tomorrow_never_dies_ver3Tomorrow Never Dies

  • Year:  1997
  • Director:  Roger Spottiswoode
  • Series Rank:  #16
  • Year Rank:  #58
  • Nighthawk Nominations:  none
  • Bond Girl:  Michelle Yeoh (Wai Lin), Teri Hatcher (Paris Carver)
  • Bond Villain:  Jonathan Pryce (Elliot Carver), Gotz Otto (Stamper), Ricky Jay (Gupta)
  • Bond Support:  Judi Dench (M), Samantha Bond (Moneypenny), Desmond Llewelyn (Q), Joe Don Baker (Jack Wade)

“She looks good,” I said about Teri Hatcher once Veronica saw who the Bond girl would be.  “But then, she’s only in the film to look good.”  Veronica knew that, of course.  She would.  I don’t know how much I knew about Michelle Yeoh when this film came out in 1997.  This was still three years before Crouching Tiger, of course.  But it was also two years before I met Veronica and she introduced me to two kick-ass Hong Kong action films called The Heroic Trio and The Executioners.  So, Veronica always knew that Yeoh would end up as the primary Bond girl and that she was going to kick some serious ass.

1997_Tomorrow_Never_Di_012It takes a while before we get to that.  We only see Yeoh a couple of times in the first half of the film, in which a terrorist swap meet is destroyed, a British ship is sunk, the Chinese are threatened and we learn that our primary Bond villain is essentially Rupert Murdoch without the outlandish Australian accent (and casual racism) who is trying to stir up a war that will end up with him getting exclusive Chinese broadcast rights.  During that time, we see Bond escape with a jet, drive a BMW with a remote control, seduce Teri Hatcher (which won’t end well for her) and have his meet-up with Q (who wants him to sign an insurance waiver for the BMW in what is easily the funniest scene in the film).

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Hatcher was mainly known at this time as the current Lois Lane on television and for being one of the first beautiful actresses to be obsessed upon on the internet, as the cartoon at the right shows (it’s from early 1997).  It was never expected for her to do much, especially when compared to Yeoh.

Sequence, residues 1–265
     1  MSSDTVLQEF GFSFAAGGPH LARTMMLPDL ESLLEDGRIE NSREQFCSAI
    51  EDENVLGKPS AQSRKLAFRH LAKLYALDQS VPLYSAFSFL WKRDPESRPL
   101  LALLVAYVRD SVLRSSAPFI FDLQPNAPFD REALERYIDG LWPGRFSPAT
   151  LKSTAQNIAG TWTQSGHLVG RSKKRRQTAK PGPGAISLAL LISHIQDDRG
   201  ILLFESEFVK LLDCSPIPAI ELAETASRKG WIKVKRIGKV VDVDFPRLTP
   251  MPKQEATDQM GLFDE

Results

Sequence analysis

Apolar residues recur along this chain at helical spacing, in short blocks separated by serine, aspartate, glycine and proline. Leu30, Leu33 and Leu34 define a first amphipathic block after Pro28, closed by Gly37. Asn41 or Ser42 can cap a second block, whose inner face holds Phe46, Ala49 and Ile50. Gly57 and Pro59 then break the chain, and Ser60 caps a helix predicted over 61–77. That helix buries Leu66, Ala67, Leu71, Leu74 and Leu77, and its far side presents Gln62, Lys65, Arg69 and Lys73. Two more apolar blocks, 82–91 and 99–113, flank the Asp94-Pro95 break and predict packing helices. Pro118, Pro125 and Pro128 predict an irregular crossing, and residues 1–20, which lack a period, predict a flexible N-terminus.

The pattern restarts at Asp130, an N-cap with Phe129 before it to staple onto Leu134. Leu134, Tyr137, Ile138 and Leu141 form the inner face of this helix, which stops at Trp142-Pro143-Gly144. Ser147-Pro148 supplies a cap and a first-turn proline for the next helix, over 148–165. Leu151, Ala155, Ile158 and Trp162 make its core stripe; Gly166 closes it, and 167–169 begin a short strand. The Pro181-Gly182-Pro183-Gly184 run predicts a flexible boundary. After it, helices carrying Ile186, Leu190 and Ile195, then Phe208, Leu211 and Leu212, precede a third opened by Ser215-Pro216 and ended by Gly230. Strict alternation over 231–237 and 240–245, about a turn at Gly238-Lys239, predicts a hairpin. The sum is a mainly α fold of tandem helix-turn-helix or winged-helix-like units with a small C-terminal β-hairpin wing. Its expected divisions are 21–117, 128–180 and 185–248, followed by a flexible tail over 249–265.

1997_Tomorrow_Never_Di_026It’s a good thing that Yeoh is pretty much attached to Bond through the second half of the film, because aside from the two chases, she’s the only really strong thing about the film.  The first chase is that aforementioned remote control BMW.  For the second one, Bond and Wai Lin (Yeoh) are handcuffed together on a motorcycle and being chased through the streets of Saigon.  This chase shows off what this (and the last two Brosnan films) does well but also does poorly.  The chase itself is cool – Yeoh has to keep switching positions depending on the situation, either behind Bond, with her hand over his shoulder and her other hand working the clutch, or sitting in front of him, facing him.  But, it also goes on way too long and has too many situations that just start to seem silly.  You could do an entire episode of Mythbusters just on the things that happen during this chase alone.

After the chase we get a glimpse of why Michelle Yeoh is so kick-ass.  She slips out of the handcuff, leaves Bond handcuffed to a pipe and then, when attempted assassins follow her to her hideout, she kicks the living crap out of them.  That’s the Michelle Yeoh I love – not just beautiful, not just a talented actress, but a real action hero.

pryce-tnd1_1203349681But then we still have to have the conclusion, with another villain who has to put up a fight without actually fighting, a “stealth boat” that apparently is built using TARDIS technology given the expansive interior sets and a plot that really isn’t all that good.  If not for the chases, some good scenes with M (an admiral tells her she doesn’t have the balls for the job and she replies “But the advantage is, I don’t have to think with them all the time.”), a much better hairdo for Moneypenny (Samantha Bond took over with Goldeneye and her banter with Bond is quite nice, but she also gets good banter with M, as M comes in on the end of a conversation and Moneypenny says “Don’t ask,” with M responding “Don’t tell.”) and, most especially, Michelle Yeoh, this film would be a lot lower on the list.  It’s definitely the Bond girl that makes this one, which won’t bode well for the next film where it is definitely the Bond girls that help sink it.